How to Season a New Smoker
Seasoning a new smoker before initial use is crucial to laying the foundation for great BBQ results. Doing so removes unwanted odors from the production process, protects the smoker from the elements and cures the paint, which helps it look new for years to come. Read on for six simple steps to successful seasoning.
Season a New Smoker
1. Coat the entire interior of your new smoker with a high burn-point cooking oil like canola or grapeseed oil. Don't forget to include the racks, lid and walls.
2. Fill one chimney with charcoal and light them using a fire starter. The chimney should be fully engulfed in smoke within 10 minutes, give or take a few.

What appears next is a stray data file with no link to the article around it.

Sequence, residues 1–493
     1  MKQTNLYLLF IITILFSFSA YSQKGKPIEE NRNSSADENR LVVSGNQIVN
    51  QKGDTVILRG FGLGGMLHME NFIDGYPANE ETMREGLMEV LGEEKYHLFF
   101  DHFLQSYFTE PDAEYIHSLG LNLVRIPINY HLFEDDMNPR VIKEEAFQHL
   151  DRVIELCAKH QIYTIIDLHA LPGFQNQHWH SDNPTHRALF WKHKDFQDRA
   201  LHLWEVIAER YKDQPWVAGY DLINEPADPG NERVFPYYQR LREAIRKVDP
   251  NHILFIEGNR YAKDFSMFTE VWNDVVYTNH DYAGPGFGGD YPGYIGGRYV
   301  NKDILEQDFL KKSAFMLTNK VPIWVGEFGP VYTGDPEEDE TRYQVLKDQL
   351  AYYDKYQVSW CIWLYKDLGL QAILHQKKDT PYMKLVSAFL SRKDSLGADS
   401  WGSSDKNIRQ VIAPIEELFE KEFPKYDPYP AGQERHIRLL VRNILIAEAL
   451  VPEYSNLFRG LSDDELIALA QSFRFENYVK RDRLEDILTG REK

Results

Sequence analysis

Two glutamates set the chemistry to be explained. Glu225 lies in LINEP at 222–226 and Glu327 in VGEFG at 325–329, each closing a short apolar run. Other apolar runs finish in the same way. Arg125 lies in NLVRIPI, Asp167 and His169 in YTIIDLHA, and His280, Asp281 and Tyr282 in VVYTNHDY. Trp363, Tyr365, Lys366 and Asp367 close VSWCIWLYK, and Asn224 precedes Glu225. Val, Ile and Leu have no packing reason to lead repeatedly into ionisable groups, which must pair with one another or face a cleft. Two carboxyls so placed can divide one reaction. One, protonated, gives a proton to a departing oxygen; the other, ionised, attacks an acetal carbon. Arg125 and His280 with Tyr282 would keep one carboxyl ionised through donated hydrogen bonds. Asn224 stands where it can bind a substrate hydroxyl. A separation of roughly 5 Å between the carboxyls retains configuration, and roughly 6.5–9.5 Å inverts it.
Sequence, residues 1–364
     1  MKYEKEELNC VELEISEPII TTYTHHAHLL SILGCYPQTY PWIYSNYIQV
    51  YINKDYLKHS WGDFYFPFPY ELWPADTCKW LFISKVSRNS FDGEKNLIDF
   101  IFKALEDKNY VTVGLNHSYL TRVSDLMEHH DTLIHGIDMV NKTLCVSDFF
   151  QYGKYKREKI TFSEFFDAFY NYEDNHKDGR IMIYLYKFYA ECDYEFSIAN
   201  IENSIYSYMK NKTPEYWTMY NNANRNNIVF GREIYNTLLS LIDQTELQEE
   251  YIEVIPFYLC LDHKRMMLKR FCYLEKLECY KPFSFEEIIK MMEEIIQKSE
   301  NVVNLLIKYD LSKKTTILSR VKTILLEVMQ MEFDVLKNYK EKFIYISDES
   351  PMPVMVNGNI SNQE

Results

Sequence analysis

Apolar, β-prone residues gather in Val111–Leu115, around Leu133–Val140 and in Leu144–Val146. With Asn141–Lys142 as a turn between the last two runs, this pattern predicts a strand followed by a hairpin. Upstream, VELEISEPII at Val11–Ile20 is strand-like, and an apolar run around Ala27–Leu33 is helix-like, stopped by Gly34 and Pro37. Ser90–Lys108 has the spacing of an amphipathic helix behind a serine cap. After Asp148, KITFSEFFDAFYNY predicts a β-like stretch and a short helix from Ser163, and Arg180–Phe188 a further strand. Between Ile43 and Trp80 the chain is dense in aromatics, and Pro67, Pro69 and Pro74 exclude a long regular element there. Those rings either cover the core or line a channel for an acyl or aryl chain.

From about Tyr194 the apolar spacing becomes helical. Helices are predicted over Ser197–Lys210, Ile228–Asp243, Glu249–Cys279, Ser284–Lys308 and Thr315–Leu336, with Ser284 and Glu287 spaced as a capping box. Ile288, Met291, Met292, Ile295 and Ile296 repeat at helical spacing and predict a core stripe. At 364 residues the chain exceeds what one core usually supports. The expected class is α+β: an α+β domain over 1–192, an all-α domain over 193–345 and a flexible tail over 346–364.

3. While the chimney heats up, add more charcoal to the firebox on the smoker. Once the chimney is fully ignited, pour the lit coals into the firebox.
4. Make sure the exhaust and intake are completely open to allow for the greatest amount of airflow. You will take the smoker to a (slightly) higher temperature than normally used when smoking.
5. Allow the smoker to reach at least 275-300 degrees Fahrenheit for 2-3 hours. This'll ensure any leftover production chemicals and solvents burn off.
6. Allow the smoker to cool down completely before cooking on it.
Hot TipIf you want to add wood to the firebox while seasoning, make sure to use the same kind of wood you'll for smoking. Wood that isn't normally used for smoking can add harsh flavors to meat during your next cook.